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Paccar (PCAR) is one of the most conspicuous winners from falling oil prices in recent months. That's because, as fuel priced drop, profit margins for transportation companies climb -- and this truck manufacturer is in a good position to sell upgraded commercial truck fleets. PCAR is one of the largest truck makers in the world, building vehicles worldwide under the Kenworth, Peterbilt, and DAF brands.
Transportation stocks ebb and flow with the overall level of activity in the economy, so as worldwide shipments heat up, so too do freight volumes. And with an aging global truck fleet on the roads today, the fuel and maintenance cost savings arguments are hard to ignore, particularly as interest rates remain low and transporters have the volumes to justify big-ticket upgrades. While dropping oil prices have been good for PCAR's customers, the memory of triple-digit oil is still fresh in truckers' minds, and that makes buying a more fuel efficient truck all the more attractive while crude is low.
While the truck business is capital-intense, Paccar currently sports a $3 billion cash position that helps to offset the firm's $8.2 billion debt load. Considering the fact that PCAR earned nearly $1.2 billion in profits last year, that's not an outsized amount of balance sheet leverage by any means. Expect this stock to keep up its momentum pace as we head into 2015.
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Even if you've never heard of Ball Corp. (BLL) , there's a very good chance you've used its products. That's because Ball is the largest manufacturer of metal cans in the world, producing around 70 billion soda and beer cans each and every year. The firm owns the biggest share of nearly every market that it operates in, notably 40% of the beverage can market in North America, and almost 30% of high-growth China.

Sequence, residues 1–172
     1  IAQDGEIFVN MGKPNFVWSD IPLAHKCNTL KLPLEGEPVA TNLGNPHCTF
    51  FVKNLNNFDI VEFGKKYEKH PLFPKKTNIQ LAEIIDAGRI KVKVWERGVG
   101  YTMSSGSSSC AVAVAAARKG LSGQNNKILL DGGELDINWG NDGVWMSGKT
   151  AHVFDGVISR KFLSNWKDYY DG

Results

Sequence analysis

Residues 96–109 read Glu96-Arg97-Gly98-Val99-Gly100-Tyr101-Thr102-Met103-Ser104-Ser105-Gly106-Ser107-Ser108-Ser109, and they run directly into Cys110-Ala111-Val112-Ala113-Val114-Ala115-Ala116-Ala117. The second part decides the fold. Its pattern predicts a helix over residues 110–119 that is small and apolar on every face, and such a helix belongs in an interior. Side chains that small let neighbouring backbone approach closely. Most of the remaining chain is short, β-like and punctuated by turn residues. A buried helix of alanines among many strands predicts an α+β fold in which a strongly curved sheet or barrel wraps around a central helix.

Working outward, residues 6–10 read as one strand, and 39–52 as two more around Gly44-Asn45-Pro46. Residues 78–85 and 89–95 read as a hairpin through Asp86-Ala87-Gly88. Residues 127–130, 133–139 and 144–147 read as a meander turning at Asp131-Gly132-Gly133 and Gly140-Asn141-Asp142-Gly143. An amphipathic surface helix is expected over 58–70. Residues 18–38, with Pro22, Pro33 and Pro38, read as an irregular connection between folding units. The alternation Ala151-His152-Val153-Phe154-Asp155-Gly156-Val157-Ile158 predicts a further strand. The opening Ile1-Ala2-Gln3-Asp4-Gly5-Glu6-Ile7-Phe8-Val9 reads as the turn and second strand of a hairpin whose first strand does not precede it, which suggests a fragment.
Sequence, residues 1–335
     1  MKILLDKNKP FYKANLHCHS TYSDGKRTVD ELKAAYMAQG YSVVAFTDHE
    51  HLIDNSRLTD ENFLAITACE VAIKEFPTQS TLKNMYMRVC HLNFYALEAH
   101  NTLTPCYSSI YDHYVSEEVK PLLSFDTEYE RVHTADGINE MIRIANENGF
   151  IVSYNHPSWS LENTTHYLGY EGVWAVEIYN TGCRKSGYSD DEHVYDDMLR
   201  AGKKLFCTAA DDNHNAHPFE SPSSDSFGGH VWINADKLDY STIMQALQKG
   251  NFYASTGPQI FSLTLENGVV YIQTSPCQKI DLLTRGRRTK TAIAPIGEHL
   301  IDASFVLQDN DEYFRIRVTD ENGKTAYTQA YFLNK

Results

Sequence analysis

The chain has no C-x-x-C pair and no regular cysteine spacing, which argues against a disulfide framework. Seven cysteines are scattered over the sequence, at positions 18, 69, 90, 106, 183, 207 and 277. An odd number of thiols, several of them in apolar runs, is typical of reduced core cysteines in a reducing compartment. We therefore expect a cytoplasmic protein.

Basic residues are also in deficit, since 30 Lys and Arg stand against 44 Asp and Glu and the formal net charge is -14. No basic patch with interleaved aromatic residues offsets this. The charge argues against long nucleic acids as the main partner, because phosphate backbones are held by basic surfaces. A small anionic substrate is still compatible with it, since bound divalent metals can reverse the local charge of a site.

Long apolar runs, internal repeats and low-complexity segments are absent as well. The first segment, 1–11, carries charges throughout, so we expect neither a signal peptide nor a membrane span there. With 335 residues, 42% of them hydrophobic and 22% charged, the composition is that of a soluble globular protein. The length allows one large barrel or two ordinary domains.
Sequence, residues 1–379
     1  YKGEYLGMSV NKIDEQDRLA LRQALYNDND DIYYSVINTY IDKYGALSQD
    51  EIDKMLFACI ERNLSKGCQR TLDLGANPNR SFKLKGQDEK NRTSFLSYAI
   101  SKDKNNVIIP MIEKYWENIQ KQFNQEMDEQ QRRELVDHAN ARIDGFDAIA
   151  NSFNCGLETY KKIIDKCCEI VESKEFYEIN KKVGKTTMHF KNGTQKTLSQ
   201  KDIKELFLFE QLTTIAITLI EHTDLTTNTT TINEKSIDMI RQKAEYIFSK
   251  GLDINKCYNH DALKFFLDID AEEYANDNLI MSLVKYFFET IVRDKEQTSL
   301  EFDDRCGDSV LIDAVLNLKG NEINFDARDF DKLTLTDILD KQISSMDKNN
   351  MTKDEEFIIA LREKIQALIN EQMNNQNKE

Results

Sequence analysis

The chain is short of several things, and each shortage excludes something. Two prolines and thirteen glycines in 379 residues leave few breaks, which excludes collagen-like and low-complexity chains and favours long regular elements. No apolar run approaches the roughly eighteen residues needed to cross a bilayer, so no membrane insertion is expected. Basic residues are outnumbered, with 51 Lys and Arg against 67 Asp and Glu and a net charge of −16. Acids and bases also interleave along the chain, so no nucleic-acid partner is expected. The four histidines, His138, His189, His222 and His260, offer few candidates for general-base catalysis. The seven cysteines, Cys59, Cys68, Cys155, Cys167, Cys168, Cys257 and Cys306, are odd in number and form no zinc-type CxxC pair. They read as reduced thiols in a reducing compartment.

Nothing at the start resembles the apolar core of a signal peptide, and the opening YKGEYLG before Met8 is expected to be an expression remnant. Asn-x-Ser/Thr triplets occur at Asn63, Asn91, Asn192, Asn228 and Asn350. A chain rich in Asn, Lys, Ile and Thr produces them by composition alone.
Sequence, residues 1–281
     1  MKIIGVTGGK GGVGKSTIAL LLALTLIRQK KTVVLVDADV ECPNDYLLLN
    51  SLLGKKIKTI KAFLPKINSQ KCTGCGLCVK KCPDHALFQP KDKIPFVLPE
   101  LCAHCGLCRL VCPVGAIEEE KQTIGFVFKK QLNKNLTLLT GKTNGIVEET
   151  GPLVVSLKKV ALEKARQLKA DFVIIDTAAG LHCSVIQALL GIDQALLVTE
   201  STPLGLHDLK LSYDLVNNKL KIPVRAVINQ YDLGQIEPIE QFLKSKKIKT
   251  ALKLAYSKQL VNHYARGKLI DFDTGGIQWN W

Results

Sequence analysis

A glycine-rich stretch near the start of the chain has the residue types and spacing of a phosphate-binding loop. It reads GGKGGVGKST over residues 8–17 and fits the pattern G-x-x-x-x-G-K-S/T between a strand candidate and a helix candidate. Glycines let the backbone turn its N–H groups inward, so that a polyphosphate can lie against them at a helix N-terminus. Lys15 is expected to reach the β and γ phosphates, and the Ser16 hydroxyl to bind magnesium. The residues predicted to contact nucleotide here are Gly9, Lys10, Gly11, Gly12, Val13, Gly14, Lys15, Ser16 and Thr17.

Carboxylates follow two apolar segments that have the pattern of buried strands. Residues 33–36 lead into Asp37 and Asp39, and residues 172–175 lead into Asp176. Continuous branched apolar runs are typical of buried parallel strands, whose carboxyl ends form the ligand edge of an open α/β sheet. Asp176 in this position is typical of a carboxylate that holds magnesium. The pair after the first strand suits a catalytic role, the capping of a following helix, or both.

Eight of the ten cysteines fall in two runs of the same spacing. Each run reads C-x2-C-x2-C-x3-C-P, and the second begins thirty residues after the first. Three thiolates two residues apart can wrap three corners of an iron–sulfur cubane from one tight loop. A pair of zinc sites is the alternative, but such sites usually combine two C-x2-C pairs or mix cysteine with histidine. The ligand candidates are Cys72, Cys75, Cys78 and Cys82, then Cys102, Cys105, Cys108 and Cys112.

Exposure to high-growth markets, like China and U.S. craft beer, give Ball a very favorable trajectory. No, making soda cans isn't a particularly exciting business, but the firm has been able to generate exciting returns for shareholders in the past. Besides beverage cans, Ball also manufactures food cans and aerosols that contribute a fifth of sales. Ball also uses its metal expertise in the aerospace sector, where it specializes in aircraft antennas and designing and building systems for satellites and spacecraft. The aerospace business adds another 10% of the firm's overall revenues.
As a manufacturing company, Ball employs balance sheet leverage to keep the wheels turning -- the firm's $3 billion debt load is modest given BLL's overall size. Likewise, the firm earns large free cash flows, which it's historically used a chunk of to return to shareholders via buybacks and a small cash dividend. With very high employee and management ownership of shares, look for BLL to continue to be a strong performer on the shareholder yield front.
Last up on our Rocket Stocks list is Red Hat (RHT) , a company that's found great success in selling something that its customers can get for free. That may not sound like a very attractive business model at first, but it most certainly is. Red Hat's operating system and enterprise software is used by thousands of enterprise customers. While the software itself is free, Red Hat makes money through training, maintenance, and technical support fees.
By "selling" open source software, Red Hat has a big value proposition -- often enough to entice IT managers to jump ship from closed systems. The firm has done a good job of providing major added value to its software, and that's why Red Hat owns more than 60% of the Linux server market today. Switching costs are high in the enterprise IT world, and a big installed base means that there's a big pool of users who subscribe to RHT's services. As datacenter needs continue to grow, those customers should bring more servers (and thus more Red Hat support licenses) online.
Because Red Hat is a software company, its capital needs are low, and it's historically been able to operate with fat margins and no debt on its balance sheet. The $1.3 billion in cash and investments on the books today is enough to cover more than 10% of the firm's market capitalization today. With rising analyst sentiment in RHT this week, we're betting on shares.
To see all of this week’s Rocket Stocks in action, check out the Rocket Stocks portfolio at Stockpickr.
-- Written by Jonas Elmerraji in Baltimore.
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At the time of publication, author had no positions in the names mentioned.
Jonas Elmerraji, CMT, is a senior market analyst at Agora Financial in Baltimore and a contributor to TheStreet. Before that, he managed a portfolio of stocks for an investment advisory that returned 15% in 2008. He has been featured in Forbes , Investor's Business Daily, and on CNBC.com. Jonas holds a degree in financial economics from UMBC and the Chartered Market Technician designation.
Follow Jonas on Twitter @JonasElmerraji